Images are notoriously slow to load in email messages and websites. Unfortunately images are very large in file-size meaning much more data needs to be downloaded for an image as opposed to text.
Three Ways to Improve Image Load Speed
Happily there are a few things we can do to make images load more quickly. Below are four simple ways of reducing image file sizes and therefore making them load more quickly in your email campaigns.
Use the best image file-type
The most widely supported image file-types in email are JPG/JPEG, PNG and GIF. Generally using the most appropriate file-type will result in a smaller file size and often a better quality image:
- JPG/JPEG: Used for photographs.
- PNG and GIF: Used for line drawings.
- GIF: Used for image animation.
Reduce Image Dimensions to Load Images More Quickly
The width of most email campaigns sent from Mailchimp is 600 pixels wide. To reduce image file-size therefore ensure that images you add to your campaigns are 600px wide. I often see people adding images that are, say, 900px wide but this in no way improves the visual quality of an image in a campaign.
In Mailchimp you can constrain image dimensions to (hopefully) show your images at a better quality on high resolution screens. Test this if you’d like to but be aware that the file-size of a 1200px wide image will be significantly larger than a 600px wide image.
Reduce the Image Pixels Per Inch
For your email campaigns save JPG and JPEG images as 72 ppi. The image will display on a screen at the same quality as if the ppi were much higher but the file-size will be much smaller.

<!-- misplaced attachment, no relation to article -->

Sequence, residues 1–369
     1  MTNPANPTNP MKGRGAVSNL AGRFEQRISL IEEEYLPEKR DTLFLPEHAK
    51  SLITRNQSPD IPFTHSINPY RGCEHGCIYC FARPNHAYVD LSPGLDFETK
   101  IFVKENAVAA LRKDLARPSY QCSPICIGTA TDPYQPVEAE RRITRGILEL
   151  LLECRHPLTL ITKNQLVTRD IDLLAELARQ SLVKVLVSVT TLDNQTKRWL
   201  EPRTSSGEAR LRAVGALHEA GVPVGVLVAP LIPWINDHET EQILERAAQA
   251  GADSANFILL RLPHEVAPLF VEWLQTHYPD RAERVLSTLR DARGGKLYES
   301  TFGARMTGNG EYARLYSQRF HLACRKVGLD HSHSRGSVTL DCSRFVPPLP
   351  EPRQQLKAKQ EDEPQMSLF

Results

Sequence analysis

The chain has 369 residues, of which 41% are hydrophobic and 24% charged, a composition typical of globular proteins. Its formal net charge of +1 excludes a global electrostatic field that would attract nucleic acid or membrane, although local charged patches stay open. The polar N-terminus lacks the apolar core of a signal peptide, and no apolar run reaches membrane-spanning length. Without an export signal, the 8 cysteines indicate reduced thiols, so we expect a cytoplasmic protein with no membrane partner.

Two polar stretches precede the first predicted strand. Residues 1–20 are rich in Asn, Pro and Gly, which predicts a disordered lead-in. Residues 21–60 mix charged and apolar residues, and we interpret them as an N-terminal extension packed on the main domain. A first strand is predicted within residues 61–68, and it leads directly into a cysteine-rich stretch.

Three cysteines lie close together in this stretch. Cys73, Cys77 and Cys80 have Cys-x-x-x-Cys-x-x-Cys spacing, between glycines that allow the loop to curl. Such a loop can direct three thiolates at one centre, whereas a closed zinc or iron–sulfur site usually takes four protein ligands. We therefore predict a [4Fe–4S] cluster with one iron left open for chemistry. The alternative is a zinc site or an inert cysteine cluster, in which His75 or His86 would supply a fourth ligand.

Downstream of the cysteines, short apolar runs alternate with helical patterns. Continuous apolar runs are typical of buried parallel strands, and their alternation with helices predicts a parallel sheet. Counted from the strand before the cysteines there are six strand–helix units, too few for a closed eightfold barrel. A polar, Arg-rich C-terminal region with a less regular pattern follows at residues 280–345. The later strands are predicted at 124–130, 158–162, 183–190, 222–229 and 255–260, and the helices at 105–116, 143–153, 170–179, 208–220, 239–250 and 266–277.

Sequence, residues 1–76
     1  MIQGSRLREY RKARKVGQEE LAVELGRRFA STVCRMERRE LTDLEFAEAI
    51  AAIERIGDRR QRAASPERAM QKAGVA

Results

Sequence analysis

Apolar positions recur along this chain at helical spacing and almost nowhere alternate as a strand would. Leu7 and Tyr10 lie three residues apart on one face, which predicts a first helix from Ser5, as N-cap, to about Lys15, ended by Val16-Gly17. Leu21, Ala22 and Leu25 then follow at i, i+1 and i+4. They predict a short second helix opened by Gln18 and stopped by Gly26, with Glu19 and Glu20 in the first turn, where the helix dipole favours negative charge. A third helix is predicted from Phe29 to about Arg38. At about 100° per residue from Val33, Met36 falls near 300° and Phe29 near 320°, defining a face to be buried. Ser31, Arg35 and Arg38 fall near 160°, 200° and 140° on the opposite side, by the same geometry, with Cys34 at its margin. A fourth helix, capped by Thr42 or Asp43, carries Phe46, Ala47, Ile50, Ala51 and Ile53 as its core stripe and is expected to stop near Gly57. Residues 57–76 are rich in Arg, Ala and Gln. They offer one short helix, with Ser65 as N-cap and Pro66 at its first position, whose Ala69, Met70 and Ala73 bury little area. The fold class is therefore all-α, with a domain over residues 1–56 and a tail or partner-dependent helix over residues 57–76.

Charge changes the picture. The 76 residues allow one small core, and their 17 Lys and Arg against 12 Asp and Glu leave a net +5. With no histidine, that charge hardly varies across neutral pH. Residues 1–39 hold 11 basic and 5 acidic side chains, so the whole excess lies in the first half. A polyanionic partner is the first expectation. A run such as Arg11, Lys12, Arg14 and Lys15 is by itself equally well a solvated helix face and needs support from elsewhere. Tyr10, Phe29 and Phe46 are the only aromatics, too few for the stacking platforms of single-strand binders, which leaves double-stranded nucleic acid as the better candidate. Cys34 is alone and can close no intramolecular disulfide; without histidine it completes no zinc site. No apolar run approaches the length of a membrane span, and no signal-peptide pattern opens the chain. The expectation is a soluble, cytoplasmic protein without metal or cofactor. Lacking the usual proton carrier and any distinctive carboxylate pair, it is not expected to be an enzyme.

It’s simple to change the ppi of an image in Photoshop and other image editors. There are also numerous online tools that will assist.
Compress Your Images
There are two categories of image compression; lossy compression (where the image quality may suffer) and lossless compression (image quality doesn’t reduce but file size does). All images should be compressed before being added to an email campaign.
Testing Image Optimization
To show how effective the four image optimization suggestions above are, I performed a quick test.
The image above is of Brisbane, Australia. The original copy was a PNG file at 1200 pixels wide. The image filesize was 1.5MB.
I then created a copy, changed to JPG, resized to 600px wide (making sure to stay at 72 ppi) and then performed lossless compression using FileOptimizer. The resulting image was 267kb.
By following the four image optimization steps the image size was reduced to approximately 20% of it’s original size without sacrificing quality. This means a faster loading email campaign for your contacts!